Microsoft faces antitrust complaint in EU led by Nextcloud

29 Nov 2021

Image: © Tobias Arhelger/

Berlin-based software maker Nextcloud claimed that Microsoft bundling OneDrive and Teams with Windows is harming local EU competition.

A group of tech companies in the EU, led by German software maker Nextcloud, has called out Microsoft on anti-competition grounds for favouring its own products on the market-leading Windows OS.

Berlin-based Nextcloud claimed that by bundling services such as OneDrive and Teams with Windows for new customers, and “aggressively” asking them to sign up, Microsoft is making it hard for EU businesses to compete.

“This is quite similar to what Microsoft did when it killed competition in the browser market, stopping nearly all browser innovation for over a decade,” said Nextcloud founder and chief executive Frank Karlitschek, referring to Internet Explorer.

Microsoft bundled Internet Explorer with Windows in the 1990s and 2000s to compete with other tech players such as Netscape. This led to some of the early antitrust cases in the EU against Big Tech.

“Copy an innovator’s product, bundle it with your own dominant product and kill their business, then stop innovating. This kind of behaviour is bad for the consumer, for the market and, of course, for local businesses in the EU,” Karlitschek added.

Nextcloud’s complaint said that three big tech companies dominate two-thirds of the market in Europe. Microsoft, Google and Amazon together account for 66pc of the cloud market, according to a report earlier this year, while local businesses have seen their share drop from 26pc to 16pc.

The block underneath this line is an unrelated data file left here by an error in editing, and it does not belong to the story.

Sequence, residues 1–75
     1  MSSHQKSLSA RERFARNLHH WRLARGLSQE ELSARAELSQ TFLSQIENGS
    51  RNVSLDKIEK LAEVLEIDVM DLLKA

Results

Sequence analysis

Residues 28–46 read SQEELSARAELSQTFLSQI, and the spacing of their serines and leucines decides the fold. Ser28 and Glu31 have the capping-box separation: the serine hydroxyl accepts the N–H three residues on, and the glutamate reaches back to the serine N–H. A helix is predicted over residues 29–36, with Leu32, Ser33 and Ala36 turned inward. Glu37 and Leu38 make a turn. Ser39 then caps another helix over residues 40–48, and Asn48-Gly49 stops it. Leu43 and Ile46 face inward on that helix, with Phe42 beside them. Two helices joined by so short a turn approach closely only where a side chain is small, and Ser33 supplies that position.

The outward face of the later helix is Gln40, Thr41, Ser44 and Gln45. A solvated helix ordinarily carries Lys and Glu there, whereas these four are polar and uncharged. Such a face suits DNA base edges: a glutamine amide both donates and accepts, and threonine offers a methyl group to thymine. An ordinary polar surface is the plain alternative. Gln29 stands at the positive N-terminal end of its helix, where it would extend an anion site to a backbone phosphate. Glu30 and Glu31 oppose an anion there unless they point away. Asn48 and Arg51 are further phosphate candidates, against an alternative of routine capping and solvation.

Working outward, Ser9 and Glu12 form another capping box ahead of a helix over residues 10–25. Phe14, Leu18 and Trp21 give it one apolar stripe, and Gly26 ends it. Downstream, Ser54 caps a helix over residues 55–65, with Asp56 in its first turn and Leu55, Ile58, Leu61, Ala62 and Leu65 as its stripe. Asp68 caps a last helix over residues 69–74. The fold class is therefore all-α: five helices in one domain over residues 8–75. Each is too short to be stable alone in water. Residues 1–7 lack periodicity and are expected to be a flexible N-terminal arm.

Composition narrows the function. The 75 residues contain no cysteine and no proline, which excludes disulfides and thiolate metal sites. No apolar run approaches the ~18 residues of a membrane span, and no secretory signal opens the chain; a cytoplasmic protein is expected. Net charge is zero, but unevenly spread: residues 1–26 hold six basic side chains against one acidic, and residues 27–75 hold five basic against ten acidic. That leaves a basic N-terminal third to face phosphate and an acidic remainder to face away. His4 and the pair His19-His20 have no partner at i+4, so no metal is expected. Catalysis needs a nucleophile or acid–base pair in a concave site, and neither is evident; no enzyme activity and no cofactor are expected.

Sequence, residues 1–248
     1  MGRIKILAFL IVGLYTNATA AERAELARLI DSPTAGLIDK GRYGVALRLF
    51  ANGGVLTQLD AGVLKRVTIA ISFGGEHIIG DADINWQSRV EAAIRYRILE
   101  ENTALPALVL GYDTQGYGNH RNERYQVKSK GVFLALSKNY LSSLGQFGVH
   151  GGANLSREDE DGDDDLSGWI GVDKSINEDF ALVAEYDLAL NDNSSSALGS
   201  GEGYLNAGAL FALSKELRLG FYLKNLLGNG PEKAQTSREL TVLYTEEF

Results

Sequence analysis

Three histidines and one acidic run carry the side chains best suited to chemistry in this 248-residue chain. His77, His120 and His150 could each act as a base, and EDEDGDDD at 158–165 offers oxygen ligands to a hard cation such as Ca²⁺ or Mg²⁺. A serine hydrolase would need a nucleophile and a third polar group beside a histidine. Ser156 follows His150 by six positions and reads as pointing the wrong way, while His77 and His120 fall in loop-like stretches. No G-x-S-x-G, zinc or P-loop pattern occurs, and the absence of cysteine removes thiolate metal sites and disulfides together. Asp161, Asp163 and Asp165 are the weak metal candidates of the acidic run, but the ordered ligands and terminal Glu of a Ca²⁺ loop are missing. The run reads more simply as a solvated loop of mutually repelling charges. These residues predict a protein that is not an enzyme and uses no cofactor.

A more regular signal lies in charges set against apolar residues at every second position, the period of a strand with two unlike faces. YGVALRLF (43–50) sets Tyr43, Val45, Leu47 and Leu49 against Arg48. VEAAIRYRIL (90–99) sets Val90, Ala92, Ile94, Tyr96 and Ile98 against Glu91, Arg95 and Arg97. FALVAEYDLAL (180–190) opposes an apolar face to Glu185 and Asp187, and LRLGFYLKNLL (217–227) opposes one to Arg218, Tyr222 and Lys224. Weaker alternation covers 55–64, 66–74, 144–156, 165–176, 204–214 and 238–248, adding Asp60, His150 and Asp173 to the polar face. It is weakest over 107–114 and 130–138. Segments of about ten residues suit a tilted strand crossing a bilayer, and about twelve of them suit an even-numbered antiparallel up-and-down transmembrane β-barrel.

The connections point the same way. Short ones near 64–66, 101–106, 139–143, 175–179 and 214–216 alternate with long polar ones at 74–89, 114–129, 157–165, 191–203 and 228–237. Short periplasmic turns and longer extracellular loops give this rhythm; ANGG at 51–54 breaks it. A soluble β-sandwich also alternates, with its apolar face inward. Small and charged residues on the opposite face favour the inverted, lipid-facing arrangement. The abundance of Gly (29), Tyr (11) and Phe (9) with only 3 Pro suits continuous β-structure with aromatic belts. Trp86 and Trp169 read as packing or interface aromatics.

The coalition behind the complaint, which involves industry representatives such as the European Digital SME Alliance, is demanding that the EU takes action to prevent gatekeeping and allow a level playing field for local businesses in Europe competing in the same sectors.

“Together with the other members of the coalition, we are asking the antitrust authorities in Europe to enforce a level playing field, giving customers a free choice and to give competition a fair chance,” added Karlitschek.

Sebastiano Toffaletti, secretary general of the European Digital SME Alliance, said that smaller tech companies are capable of being as innovative as Big Tech and achieve market success if given the chance.

“Only by forcing everyone to play by the rules, consumers will be able to choose the best digital products in an open and competitive market, where also SMEs can win.”

A formal complaint has been made to the European Commission’s competition authority led by Margrethe Vestager, who has been taking on Big Tech with several antitrust investigations. Nextcloud has also filed a complaint with Germany’s antitrust authority and is in talks for doing the same in France.

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Vish Gain is a journalist with Silicon Republic